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Local bilateral clustering for identifying research topics and groups from bibliographical data


The structure of scientific collaboration networks provides insight on the relationships between people and disciplines. In this paper, we study a bipartite graph connecting authors to publications and extract from it clusters of authors and articles, interpreting the author clusters as research groups and the article clusters as research topics. Visualisations are proposed to ease the interpretation of such clusters in terms of discovering leaders, the activity level, and other semantic aspects. We discuss the process of obtaining and preprocessing the information from scientific publications, the formulation and implementation of the clustering algorithm, and the creation of the visualisations. Experiments on a test data set are presented, using an initial prototype implementation of the proposed modules.

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    As the graph is bipartite, necessarily \(\varGamma (v) \subseteq T\) as well as \(\varGamma (w) \subseteq T\).

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    In the symmetric mode, once a cluster is computed, the included vertices are no longer available for inclusion in future cluster computations.

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    The weight of an edge w(vu) is computed as the multiplicity of that edge; for purposes of the clustering phase, the edges are treated as directed and the weight is normalised by the degree of vertex v, making the directed edge weight asymmetric.

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    For example, the Wordle tool (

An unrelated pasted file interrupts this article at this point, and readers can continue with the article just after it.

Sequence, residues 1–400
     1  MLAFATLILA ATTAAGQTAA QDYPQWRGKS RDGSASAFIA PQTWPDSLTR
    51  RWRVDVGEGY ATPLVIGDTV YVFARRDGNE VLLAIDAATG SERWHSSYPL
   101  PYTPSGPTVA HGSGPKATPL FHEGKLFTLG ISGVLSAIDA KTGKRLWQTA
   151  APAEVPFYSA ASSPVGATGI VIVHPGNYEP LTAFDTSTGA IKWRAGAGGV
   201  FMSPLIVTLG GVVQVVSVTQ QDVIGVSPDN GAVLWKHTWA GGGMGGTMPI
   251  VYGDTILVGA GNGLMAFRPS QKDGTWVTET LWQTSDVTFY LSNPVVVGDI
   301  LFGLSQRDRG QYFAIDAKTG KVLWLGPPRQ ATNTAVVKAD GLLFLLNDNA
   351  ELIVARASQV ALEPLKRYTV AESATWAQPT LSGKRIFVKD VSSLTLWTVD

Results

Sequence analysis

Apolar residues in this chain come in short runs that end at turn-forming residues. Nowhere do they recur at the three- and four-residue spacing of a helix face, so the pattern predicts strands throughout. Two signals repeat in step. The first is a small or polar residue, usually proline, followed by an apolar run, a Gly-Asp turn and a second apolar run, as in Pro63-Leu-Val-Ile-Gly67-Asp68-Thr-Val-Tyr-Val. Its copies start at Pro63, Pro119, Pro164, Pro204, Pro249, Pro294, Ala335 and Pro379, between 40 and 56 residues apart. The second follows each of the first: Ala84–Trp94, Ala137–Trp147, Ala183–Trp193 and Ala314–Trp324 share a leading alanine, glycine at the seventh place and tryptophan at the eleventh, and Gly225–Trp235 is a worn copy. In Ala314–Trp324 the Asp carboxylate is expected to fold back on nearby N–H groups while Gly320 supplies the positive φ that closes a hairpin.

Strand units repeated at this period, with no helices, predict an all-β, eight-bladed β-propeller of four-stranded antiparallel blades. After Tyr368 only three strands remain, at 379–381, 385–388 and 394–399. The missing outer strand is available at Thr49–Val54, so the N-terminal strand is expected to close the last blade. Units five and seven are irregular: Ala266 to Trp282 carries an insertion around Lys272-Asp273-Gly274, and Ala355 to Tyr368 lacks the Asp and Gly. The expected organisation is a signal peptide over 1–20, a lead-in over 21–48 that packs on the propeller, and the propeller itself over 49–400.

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    Available at in XML format.

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    In a systematic sample, each element is chosen after k steps, where k results from dividing the total number of elements by the desired sample size.

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    Only iterations where the cluster order was above the threshold were considered.


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The first author was supported by SEP-PROMEP Grant No. 103.5/12/7884. We thank the anonymous reviewers for their useful suggestions that helped improve the manuscript.

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Correspondence to Satu Elisa Schaeffer.

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Villarreal, S.E.G., Schaeffer, S.E. Local bilateral clustering for identifying research topics and groups from bibliographical data. Knowl Inf Syst 48, 179–199 (2016).

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  • Clustering
  • Knowledge discovery
  • Collaboration networks
  • Network analysis